Viet Nam News
HÀ NỘI – Children living in villages where lead-acid batteries are recycled are known to be at elevated risk of lead poisoning, as are children living near smelters or in cities, experts say.
Doãn Ngọc Hải, Director of the National Institute of Occupational and Environmental Health (NIOEH), told Tuổi Trẻ (Youth) newspaper that the institute is conducting state-level research on lead poisoning of Vietnamese children and the effectiveness of intervention measures.
The research is being conducted in the northern provinces of Thái Nguyên, Hưng Yên, Bắc Kạn – where there are lead-related metallurgy operations.
A survey in Tân Long Commune, located near the Làng Hích lead mine in Thái Nguyên province, found an alarming rate of lead poisoning, in both children and adults.
Children’s normal blood lead should be less than 5mcg/dl. However, blood lead level (BLL) tests performed on 209 children aged three to 14 in the commune showed that half – 109 children – had over 10mcg per decilitre.
In 105 children, it reached 10-44mcg/dl, meaning mild lead poisoning, while four children suffered medium-degree poisoning with BLL greater than 45mcg/dl.
Another study, conducted in Phú Xá ward of Thái Nguyên City, where smelting and steelmaking operations take place, showed that 78 out of 180 children in that same age group recorded BLL higher than 10mcg/dl. Among them, 66 were found suffering from "mild intoxication" and 12 from medium-degree poisoning.
Analysis of three out of 30 water samples, 12 soil samples, and two of 10 food samples in the area showed higher lead measurements than the permitted levels.
Lỗ Văn Tùng, secretary of the research, said lead contamination might come from the very air, soil or water to which children are exposed. Unsafe toys could also be a potent source of contamination, he cautioned.
The research team has conducted another study of wall paint and toys used in two kindergartens ịn the area; while wall paint passed the test, some toys were shown to have low-level lead contamination. “The more brightly coloured the toys are, the higher the risks of lead contamination they pose,” Tùng warned.
The research team urged parents to choose toys of known brands and clear origins, with safety labels, preferably lead-free indication tags.
An uphill battle
Within the framework of this research, the team also administered intervention measures to children in the notorious battery-recycling village Đông Mai in Hưng Yên Province from June to September 2016, with positive initial results. One month later, in the follow-up observation conducted in conjunction with the provincial Department of Health and provincial Preventive Medicine Centre, the research team found only a slight reduction in BLL: 65.2 per cent of treated children showed diminished BLL, while 100 per cent of the adults had reduced BLL, down from an average of 43.79mcg/dl to 31.83 mcg/dl.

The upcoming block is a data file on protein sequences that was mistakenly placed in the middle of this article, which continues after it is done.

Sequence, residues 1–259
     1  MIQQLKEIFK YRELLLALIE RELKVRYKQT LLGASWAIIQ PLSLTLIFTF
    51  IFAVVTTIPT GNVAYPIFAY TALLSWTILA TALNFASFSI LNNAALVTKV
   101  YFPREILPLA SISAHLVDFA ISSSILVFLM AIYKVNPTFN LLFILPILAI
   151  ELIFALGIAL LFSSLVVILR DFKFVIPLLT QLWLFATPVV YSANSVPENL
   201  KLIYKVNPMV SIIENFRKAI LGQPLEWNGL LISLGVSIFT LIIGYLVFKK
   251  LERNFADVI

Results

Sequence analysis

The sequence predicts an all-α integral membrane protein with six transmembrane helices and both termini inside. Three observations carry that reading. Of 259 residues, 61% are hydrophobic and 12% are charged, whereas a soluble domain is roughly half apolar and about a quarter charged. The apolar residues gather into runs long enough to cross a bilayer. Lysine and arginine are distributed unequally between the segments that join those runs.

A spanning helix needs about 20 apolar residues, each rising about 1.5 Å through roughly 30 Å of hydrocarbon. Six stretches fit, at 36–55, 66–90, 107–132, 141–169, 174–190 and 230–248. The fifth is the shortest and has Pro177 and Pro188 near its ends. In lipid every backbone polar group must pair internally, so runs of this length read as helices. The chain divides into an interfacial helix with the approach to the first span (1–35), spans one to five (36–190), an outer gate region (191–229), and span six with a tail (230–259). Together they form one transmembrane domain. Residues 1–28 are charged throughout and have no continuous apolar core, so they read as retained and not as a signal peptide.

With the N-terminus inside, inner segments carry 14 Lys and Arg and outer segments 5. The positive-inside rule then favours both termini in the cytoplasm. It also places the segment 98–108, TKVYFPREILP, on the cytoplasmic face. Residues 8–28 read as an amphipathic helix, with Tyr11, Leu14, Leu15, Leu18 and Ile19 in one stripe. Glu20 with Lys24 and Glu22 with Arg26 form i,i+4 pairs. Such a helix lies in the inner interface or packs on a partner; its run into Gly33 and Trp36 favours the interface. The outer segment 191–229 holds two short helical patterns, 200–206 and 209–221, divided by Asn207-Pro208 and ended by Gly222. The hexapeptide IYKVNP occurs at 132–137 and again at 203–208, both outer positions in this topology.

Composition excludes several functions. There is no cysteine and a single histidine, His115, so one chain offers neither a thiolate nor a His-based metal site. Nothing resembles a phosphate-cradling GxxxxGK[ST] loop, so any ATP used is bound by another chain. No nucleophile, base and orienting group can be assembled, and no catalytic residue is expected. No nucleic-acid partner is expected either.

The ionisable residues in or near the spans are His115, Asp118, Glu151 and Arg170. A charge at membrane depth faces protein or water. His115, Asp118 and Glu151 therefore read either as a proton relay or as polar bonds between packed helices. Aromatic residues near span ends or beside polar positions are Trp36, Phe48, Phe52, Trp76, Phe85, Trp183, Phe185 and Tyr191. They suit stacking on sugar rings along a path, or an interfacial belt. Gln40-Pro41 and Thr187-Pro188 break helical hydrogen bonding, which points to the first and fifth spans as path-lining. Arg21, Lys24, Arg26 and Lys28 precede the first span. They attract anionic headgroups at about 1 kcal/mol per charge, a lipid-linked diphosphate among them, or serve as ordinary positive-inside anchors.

Still, the research team is not satisfied with the results, and urges more comprehensive environmental restoration measures to seriously reduce lead exposure.
The institute recommended a revamping of working conditions at used lead-acid battery recycling facilities in certain so-called "craft villages", especially informal smelters run by low-income individuals and households which usually flout safety precautions and environmental regulations.
Workers must be equipped with proper hats, gloves, masks and protective clothing and footwear, and are advised to take a shower after work. Workers usually bring contaminated clothes back home and inadvertently expose family members to lead in the process, the research team also noted.
More worrisome is the fact that not only children in these villages or in areas near lead mines are at risk, so are children in cities, with the most prevalent source of lead exosure being a questionable drug that goes by the name ‘thuốc cam’. Literally translated as "orange medicine", it is a traditional powder with detoxification properties that supposedly can cure mouth sores, furry tongue, constipation, as well as galvanise children’s growth. However, the ones sold on the market are usually lacking clear indication of origin and proper labels and ingredient information, and may contain dangerous levels of lead, even mercury and arsenic, said Assoc Dr Vũ Đức Lợi, Vice Director of the Institute of Chemistry under the Việt Nam Academy of Science and Technology.
According to the Poison Control Centre of Ha Noi’s Bạch Mai Hospital, symptoms of lead poisoning in children are not always visible and can only be determined with certainty by careful examination.
However, poisoned children would show either some or an aggregate of ailments such as anaemia, frequent nausea and vomiting, abdominal pain, loss of appetite and fatigue. In more severe case, the child would be easily irritated, unwilling to co-operate with other family members and classmates, and show signs of hampered intellectual development.
The IQ level is found to be inversely proportional to the blood lead level. Researchers have also discovered a causal relation between levels of lead exposure and the severity of attention deficit hyperactivity disorder (ADHD), especially hyperactivity.
In adults, typical lead poisoning symptoms are inattention, drowsiness, confusion, sleepiness, seizures, headaches, paralysis, metallic taste, loss of appetite, anemia (even in cases of blood lead levels below 10 mcg/dl), impaired fertility and elevated risks of miscarriage.
Intervention treatment and monitoring of lead poisoning might last months, even years, since the body might mistake lead for calcium or iron and a large quantity of lead might be stored in bones and released back to the body during certain physiological changes. – VNS